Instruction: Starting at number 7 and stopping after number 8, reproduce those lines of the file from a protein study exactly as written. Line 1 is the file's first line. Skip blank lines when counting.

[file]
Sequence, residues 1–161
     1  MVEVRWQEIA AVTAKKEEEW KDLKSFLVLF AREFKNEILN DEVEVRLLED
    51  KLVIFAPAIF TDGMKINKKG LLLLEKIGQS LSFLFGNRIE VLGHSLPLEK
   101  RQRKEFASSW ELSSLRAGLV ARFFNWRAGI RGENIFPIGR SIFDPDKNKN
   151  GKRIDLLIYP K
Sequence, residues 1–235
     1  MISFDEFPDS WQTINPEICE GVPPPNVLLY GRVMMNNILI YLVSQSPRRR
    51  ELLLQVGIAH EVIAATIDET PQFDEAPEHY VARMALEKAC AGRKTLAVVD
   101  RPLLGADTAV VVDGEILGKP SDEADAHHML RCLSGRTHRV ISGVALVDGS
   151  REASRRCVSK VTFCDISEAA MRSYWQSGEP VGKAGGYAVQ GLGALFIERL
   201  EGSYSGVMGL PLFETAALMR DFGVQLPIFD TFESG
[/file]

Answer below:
     1  MISFDEFPDS WQTINPEICE GVPPPNVLLY GRVMMNNILI YLVSQSPRRR
    51  ELLLQVGIAH EVIAATIDET PQFDEAPEHY VARMALEKAC AGRKTLAVVD